Wednesday, October 3, 2012

"Baltimore Rhapsody" Block #6 - the oboe, part 1



The oboe is the next block in "Baltimore Rhapsody," a music quilt in the Baltimore album style that I am designing.  It is the soprano member of the double reed instrument family... double reed because two pieces of thin, narrow reed are shaved and tied together with thread and placed in a holder affixed to the small end of the instrument.  When blown, the softened, wet reeds vibrate to make the distinctive sound.  


The modern oboe was invented in Paris, France about 300 years ago by a bagpiper in the court ballet orchestra, but it is based on similar ancient instruments.  One of these, the Aulos, was popular in Greece and took much strength to play; the player's cheeks were strapped with a leather belt to keep them from bursting, LOL!



It is said that the instrument is not so much blown, but that the air is allowed to escape into the instrument to produce the sound (maybe that is why oboe players always appear a little tortured while they play...). 


My high school band director used to tease that playing the oboe killed brain cells, due to all the back pressure in the head.  Oh my!  (I had expressed interest in the oboe...I think he was trying to discourage me...)

The oboe gives the "A" for all the other orchestra instrumentsto tune to.  This is because altering the pitch of this instrument involves actual carpentry!

The pink Sweet Williams are made petal by petal, glue basted together with tiny dots of Roxanne's Glue Baste.  Petals are prepped with a glue stick first, then the order of the addition of petals is based on which petals are "behind" and which petals are toward the "front."





My fingers are so clumsy, I handle the little pieces with forceps as I line them up, working over my pattern.



I place the tiny dots of glue away from the intersection of the pieces so that I don't have to stitch through the dried glue later.  I use this Roxanne's glue so that I don't have to work with pins.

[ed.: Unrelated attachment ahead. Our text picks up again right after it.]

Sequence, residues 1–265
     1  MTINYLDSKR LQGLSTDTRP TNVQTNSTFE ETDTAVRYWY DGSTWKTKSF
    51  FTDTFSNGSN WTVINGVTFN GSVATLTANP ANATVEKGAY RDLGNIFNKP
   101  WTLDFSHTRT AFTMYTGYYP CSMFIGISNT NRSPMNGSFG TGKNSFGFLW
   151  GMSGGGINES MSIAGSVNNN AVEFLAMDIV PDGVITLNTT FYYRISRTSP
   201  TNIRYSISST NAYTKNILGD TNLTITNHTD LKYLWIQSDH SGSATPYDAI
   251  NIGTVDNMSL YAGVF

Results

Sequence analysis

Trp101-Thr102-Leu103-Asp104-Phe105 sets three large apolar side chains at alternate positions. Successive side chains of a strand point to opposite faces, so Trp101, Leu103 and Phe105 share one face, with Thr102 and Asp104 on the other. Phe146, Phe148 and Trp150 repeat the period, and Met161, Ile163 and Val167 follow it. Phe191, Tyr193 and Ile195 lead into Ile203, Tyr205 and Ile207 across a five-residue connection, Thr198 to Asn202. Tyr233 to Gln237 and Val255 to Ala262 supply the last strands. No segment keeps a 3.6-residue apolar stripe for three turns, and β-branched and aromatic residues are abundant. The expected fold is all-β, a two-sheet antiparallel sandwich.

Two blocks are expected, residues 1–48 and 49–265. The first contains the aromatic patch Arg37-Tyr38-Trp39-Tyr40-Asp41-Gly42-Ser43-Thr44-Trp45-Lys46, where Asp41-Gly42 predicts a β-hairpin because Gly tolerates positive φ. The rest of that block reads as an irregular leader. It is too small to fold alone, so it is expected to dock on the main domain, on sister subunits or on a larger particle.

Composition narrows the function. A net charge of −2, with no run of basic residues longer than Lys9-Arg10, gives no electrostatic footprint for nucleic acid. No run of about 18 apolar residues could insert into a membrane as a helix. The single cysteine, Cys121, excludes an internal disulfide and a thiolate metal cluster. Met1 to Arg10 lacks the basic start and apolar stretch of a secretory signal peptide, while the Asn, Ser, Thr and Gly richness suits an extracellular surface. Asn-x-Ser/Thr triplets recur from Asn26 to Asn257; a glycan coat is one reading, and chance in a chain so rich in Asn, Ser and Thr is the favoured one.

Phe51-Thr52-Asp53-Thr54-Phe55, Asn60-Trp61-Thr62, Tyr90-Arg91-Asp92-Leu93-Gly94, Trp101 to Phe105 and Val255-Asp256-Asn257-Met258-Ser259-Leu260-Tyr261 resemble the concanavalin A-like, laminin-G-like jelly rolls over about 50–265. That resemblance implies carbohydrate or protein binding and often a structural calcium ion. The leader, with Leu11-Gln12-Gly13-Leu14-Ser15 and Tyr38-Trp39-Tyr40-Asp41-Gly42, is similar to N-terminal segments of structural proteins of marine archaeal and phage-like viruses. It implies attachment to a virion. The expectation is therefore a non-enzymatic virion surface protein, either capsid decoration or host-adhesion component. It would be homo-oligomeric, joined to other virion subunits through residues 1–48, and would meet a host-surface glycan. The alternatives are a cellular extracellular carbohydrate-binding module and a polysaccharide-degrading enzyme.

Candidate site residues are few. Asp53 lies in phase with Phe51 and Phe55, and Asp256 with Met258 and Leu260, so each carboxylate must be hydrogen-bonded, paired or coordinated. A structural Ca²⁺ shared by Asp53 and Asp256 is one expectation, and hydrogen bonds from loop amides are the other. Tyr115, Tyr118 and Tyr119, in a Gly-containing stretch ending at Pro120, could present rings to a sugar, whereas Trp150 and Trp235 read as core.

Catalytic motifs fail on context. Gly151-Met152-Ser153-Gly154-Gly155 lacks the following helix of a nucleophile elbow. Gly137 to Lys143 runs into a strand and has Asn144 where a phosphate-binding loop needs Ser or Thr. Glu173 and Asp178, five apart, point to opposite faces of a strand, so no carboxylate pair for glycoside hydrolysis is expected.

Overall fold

I find this pre-assembly work very satisfying!



After the glue baste is dry enough, I carefully remove the ironed-on freezer paper patterns (they can be reused!) and hand applique the blossom together using YLI silk thread.

I lay out all my prepped pieces on the pattern to make sure I haven't missed any.  I do as much of the unit assembly BEFORE working on the background as I can...I find it easier and more accurate working right on the pattern to "build" the motifs instead of trying to see the pattern through the background fabric square. 


When all the units are glue basted and the larger ones stitched off block, I center the background square on the pattern so that the design is showing through as my guide (a light box makes this easier). Then I glue baste everything to the background square using as little glue as possible ("dot-dot-not-a-lot").



Here is one of the blossoms, all stitched together, ready to be placed on the background square, using a light box to reveal the pattern through the fabric.  These blocks that I stitch off block are really portable for sewing away from the quilt cave.


At this point, I hand appliqued all the blossom, leaves, buds, and vines to the background square before adding the oboe.  I just find it easier to applique the more involved instrument pieces when I'm not catching my thread on the unstitched edges of the flower pieces.